Broadband growth steadies as subscriber numbers increase

Despite experiencing strong take-up across all high-speed technologies, a new broadband report from the ACCC has found overall growth rates continue to hover below those recorded 12 months ago.

The latest quarterly Australian Competition and Consumer Commission (ACCC) Snapshot of Broadband Deployment, released on Thursday, reported Australia’s broadband subscriptions more than doubled over the past 12 months, rising from 199,800 in March 2002 to 423,600 in March 2003.

Sign-ups between December 2002 and March 2003 leapt by 60,100 from 363,500 users – an increase of 16.5 per cent. This represents a slightly higher take-up rate than the average 16.4 per cent growth recorded in Q4, 2002.

The Minister for Communications, Information Technology and the Arts, Senator Richard Alston, welcomed the subscriber numbers, saying they represented the strong growth rates being experienced by ISPs over the past few months. Both Telstra BigPond retail and Telstra Wholesale DSL announced record broadband take-up figures earlier this year.

Although the stability of this quarter’s growth rate is a positive sign, the ACCC says it still remains below the 21 per cent growth recorded in Q3 and the 29 per cent growth recorded in Q2 2002.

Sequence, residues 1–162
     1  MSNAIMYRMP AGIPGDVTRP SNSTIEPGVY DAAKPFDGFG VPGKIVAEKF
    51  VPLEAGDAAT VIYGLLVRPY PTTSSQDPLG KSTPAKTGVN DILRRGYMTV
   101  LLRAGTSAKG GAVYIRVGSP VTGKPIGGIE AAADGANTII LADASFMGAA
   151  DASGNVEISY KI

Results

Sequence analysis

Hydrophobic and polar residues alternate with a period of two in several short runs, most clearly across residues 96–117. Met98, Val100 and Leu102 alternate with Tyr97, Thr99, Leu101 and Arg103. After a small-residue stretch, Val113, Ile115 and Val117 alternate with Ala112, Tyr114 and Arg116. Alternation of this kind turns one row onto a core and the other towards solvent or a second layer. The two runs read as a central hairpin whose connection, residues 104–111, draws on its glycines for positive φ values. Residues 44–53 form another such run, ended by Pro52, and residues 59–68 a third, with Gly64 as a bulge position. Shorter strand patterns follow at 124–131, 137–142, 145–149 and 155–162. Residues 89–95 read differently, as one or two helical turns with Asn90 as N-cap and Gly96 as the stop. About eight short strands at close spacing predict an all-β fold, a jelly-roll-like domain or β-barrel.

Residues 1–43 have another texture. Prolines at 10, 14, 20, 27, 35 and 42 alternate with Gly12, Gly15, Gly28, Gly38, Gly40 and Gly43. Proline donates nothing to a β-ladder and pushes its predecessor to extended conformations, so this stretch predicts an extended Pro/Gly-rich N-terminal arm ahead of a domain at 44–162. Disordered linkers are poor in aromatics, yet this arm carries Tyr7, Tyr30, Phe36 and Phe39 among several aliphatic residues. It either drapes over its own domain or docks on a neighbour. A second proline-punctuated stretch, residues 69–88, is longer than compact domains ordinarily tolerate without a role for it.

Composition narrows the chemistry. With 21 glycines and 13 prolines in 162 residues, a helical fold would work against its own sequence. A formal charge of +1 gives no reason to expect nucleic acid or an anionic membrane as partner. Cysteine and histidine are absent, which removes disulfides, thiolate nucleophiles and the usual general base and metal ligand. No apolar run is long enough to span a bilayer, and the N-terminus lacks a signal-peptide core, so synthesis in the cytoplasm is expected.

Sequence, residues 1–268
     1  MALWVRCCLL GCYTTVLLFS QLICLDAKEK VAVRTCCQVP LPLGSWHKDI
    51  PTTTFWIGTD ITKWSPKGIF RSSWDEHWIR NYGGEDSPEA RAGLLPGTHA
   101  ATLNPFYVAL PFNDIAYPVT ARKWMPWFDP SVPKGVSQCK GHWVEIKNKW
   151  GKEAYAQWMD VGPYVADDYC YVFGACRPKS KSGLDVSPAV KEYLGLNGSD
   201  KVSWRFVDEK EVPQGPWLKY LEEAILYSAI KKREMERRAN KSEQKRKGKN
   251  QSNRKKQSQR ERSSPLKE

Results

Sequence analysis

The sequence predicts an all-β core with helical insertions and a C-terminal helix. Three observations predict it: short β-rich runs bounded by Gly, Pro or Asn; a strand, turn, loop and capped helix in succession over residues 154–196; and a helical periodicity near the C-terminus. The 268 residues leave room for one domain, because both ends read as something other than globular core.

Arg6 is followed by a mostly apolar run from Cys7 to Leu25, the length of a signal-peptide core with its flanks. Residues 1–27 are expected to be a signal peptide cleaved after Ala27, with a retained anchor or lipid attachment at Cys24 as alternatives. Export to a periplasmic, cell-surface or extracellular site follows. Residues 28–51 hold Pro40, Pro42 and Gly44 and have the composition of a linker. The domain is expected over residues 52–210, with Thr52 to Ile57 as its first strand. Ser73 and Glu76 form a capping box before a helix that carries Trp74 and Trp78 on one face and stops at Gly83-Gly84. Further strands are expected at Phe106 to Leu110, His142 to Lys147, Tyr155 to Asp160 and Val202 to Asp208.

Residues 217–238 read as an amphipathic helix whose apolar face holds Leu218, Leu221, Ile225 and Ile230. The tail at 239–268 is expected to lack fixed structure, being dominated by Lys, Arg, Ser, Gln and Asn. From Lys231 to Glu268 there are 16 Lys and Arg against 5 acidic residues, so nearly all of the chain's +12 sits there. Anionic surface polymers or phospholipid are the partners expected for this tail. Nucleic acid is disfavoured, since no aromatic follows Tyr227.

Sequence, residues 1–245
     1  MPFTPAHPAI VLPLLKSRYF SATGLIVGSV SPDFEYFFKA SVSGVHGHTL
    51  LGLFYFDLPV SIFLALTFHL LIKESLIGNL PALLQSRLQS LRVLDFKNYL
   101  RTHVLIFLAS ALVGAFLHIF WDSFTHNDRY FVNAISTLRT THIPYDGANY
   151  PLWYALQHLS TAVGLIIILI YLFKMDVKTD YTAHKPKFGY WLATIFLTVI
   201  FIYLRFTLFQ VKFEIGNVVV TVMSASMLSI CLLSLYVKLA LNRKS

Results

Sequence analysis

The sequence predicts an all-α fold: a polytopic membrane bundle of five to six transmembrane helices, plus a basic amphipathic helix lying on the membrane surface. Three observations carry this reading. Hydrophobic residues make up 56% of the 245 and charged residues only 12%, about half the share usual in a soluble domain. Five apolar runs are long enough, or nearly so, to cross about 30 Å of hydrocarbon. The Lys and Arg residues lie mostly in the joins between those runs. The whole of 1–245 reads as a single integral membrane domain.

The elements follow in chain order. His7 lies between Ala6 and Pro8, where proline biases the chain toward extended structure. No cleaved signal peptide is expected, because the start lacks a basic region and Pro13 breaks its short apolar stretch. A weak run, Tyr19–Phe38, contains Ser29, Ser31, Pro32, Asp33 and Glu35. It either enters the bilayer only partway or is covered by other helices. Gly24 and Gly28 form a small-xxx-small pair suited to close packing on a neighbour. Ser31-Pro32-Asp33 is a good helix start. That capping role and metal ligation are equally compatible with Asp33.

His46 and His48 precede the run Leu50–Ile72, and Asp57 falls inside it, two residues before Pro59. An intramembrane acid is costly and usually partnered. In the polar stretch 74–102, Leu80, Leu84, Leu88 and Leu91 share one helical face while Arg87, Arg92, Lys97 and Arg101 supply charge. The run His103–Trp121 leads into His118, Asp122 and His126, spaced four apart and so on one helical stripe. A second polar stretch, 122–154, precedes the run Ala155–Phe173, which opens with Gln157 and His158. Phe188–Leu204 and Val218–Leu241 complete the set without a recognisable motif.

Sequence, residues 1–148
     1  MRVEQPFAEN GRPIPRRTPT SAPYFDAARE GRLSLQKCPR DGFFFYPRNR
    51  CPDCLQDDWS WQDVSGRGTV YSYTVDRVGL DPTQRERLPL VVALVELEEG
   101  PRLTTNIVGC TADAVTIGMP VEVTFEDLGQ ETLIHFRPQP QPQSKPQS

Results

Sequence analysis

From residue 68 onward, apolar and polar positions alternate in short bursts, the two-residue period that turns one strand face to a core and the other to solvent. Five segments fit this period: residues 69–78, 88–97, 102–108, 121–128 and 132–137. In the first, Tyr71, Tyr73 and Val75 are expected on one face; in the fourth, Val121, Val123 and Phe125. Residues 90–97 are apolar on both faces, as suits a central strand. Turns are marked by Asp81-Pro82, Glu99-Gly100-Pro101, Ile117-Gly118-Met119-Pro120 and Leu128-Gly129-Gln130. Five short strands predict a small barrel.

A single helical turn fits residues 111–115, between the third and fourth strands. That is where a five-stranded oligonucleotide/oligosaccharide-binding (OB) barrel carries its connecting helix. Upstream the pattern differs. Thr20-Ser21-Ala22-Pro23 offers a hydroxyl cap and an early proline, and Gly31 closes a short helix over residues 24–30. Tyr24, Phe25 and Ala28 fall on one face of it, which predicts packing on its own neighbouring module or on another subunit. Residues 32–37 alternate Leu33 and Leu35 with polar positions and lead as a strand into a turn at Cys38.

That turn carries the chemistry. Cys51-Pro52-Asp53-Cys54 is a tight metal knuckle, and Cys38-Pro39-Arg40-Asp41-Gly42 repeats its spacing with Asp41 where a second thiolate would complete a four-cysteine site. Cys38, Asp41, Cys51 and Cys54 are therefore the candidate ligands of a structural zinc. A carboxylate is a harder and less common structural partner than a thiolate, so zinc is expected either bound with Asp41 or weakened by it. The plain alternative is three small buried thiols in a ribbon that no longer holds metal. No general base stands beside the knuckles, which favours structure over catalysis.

Shadow Minister for Information Technology and Sport, Senator Kate Lundy, claimed the figures signal Australia’s decline in the world economy for broadband development.

Lundy pointed to the most recent Organisation for Economic Cooperation and Development (OECD) broadband league table as illustrative of Australia’s fall behind both European and Asian nations in the adoption of broadband technologies. Australia is now 23rd on the league table, after Estonia. In 2002, Australia was 19th, while in 2000 the OECD reported Australia as having the 13th highest broadband take-up rate.

“Broadband uptake in Australia remains a victim of poor competition, resulting in high prices and download caps, not to mention poor infrastructure investment. All this acts as a strong disincentive for consumers,” Lundy said in a press statement.

Growth rates across specific types of broadband technologies were more favourable. DSL technologies boasted the highest growth rates, rising by over 200 per cent between March 2002 and March 2003, or from 68,100 to 218,800 subscribers. ADSL accounted for more than half this figure, increasing from 64,200 to 160,600 subscribers.

Cable broadband take-up grew by 107 per cent over the same period, increasing from 92,500 users to 191,900 by March 2003.

The report also found residential users continue to adopt broadband technologies at a higher rate than their business counterparts. In the last quarter, broadband users rose across the two demographics to a total of 264,600 and 75,800, respectively.

Growth experienced by both groups was also higher than that of the previous quarter: residential users increased by 30,900 in Q1 2003, up from 25,000 in Q4 2002, while business users rose by 5300 users, up from 3900 sign-ups in Q4 2002.

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Nadia Cameron

Nadia Cameron

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